I will be honest: I’m normally so busy (aren’t we all) that I tend to not take the time to stop, watch, listen, think, reflect. We all know that stress is bad for us — mentally and physiologically. I know it. Yet, I still need to be better about carving out a few moments to alleviate stress. Even when I’m at the gym, I have a hard time letting go (I hate my current swim goggles… it’s always something, right?). Grad school with a toddler alone probably shaved years off my life…
For the first time in a very long time, I actually took an afternoon late last week to visit SAM. Normally when I visit, it’s with a purpose or an agenda, usually a specific show (Picasso! Gauguin!) or some other motivator. Not this time. This time, to help get my mind off some recent stress, I walked in with absolutely no agenda except to turn off my phone and wander the galleries.
It was nice to be able to sit with some of my favorite “old friends” at SAM and know that I could spend as much time as I wanted (or at least until my parking expired). One of my favorite works is Bierstadt’s Puget Sound on the Pacific Coast (1870).
Mountains that start at the base of the water and reach for the sky. Protected coves that still experience high breaking waves (was there a ferry going by?). Forests that stretch from the mountains to the sea. Overcast or foggy skies with the sun trying to break through… that he actually depicted correctly. I absolutely love this piece because of what it symbolizes — the representation of how a person imagines this mysterious and isolated region of the Pacific Coast to look just by reading and hearing the descriptive tales of others who had traveled to this wilderness (now called Seattle). Bierstadt had never been here before he painted the scene. I often wonder if this is how others who have never been here imagine the Pacific Northwest. And then I think about the places I have never been before, but yet I still have clear scenes in my mind of how those places must appear. And I just now realized that I — WE — may never be able to imagine like Bierstadt did because we have the amazing technology of film and photography. Huh, now I’m feeling a bit sad for us…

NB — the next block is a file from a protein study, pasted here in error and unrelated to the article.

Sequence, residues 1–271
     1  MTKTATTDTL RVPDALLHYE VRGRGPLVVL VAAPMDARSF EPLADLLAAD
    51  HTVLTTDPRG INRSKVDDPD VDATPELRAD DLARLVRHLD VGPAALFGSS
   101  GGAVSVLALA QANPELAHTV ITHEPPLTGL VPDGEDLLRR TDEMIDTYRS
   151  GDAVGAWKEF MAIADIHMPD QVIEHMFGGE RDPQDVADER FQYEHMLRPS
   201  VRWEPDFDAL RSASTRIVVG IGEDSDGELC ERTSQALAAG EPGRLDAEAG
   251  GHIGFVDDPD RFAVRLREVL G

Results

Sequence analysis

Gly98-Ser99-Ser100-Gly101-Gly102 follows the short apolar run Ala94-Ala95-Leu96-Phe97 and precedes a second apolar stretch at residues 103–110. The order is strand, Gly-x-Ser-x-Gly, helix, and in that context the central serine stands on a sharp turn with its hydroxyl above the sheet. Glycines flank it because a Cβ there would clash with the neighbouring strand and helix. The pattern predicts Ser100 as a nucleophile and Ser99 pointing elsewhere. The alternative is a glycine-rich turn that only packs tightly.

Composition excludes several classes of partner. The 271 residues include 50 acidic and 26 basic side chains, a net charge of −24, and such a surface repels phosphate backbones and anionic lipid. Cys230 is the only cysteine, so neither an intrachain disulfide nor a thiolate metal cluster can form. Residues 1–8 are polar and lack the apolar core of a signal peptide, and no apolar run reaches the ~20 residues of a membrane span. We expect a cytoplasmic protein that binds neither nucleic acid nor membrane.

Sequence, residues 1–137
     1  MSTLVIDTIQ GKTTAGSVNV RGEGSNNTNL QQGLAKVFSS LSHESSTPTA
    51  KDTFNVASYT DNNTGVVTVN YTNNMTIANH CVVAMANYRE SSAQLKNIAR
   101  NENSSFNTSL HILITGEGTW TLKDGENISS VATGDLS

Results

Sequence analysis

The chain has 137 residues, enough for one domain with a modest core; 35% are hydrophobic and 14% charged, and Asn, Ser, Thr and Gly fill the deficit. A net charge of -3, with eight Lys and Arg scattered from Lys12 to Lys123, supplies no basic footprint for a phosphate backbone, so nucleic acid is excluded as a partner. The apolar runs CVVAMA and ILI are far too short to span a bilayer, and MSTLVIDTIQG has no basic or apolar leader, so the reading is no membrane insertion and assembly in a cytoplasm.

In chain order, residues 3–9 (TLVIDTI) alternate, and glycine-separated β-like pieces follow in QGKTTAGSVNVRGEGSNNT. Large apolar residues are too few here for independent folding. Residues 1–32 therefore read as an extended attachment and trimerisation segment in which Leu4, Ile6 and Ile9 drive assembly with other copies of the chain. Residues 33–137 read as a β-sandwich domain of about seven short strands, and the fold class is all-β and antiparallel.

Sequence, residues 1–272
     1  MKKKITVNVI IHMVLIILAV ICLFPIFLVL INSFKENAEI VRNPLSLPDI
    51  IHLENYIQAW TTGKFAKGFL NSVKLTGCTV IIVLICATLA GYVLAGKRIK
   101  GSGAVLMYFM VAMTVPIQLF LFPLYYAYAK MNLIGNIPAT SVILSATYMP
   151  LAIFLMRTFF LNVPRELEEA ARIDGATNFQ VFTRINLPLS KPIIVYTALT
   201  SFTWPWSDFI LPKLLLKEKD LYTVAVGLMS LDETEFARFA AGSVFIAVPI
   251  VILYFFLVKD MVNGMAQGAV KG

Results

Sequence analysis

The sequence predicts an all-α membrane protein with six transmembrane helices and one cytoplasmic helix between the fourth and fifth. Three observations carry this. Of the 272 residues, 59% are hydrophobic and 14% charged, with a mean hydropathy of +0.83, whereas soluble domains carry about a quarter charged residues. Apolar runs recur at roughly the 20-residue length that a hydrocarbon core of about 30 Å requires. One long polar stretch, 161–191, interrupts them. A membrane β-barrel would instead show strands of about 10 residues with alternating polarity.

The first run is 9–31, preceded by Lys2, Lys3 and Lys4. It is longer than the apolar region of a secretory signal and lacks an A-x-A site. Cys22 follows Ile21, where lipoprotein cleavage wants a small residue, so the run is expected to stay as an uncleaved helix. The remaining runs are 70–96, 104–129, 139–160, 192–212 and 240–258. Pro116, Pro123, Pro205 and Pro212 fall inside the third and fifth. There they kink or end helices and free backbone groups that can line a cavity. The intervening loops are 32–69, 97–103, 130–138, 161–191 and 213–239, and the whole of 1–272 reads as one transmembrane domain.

Another favorite is Carlevariis, Doge’s Palace and Grand Canal (1710):
And Giordano’s Triumph of Neptune (1634), which is not exactly the best in technique and composition, but I can sit in front of it forever and pretend I’m in the Louvre (SAM just doesn’t have many pieces of this grand size).
What really struck me on this visit was the woman in the center. For the first time, I think I recognize on her face a feeling a weariness, nervousness, a survival instinct. She is in the eye of a storm and a witness to the chaos, but not a participant. She is also looking right at us, as if to say either “I can’t wait to be done with this” or “this chaos is yours, too.” She was a bit unsettling this time. And her little part whale, part fish friend always cracks me up.
It was a fabulous few hours at SAM, and I left feeling re-energized and recharged. It didn’t even bother me when I accidentally fell off my new shoes walking down the sidewalk back to the car on First Avenue (though my scraped up knee begs to differ). All I could do was laugh at myself… which would not have been my reaction a few hours earlier.
What do you do to relieve stress? How do you hit your own reset button when it’s necessary? Plus, are there any activities in which your office/team participates to ease the stress levels? Please share!
And stop to smell the roses. Or pet the dog. Or read a magazine in a coffee shop. Or go play a round of golf on the short course. Or go to a museum or gallery. But take care to choose better shoes.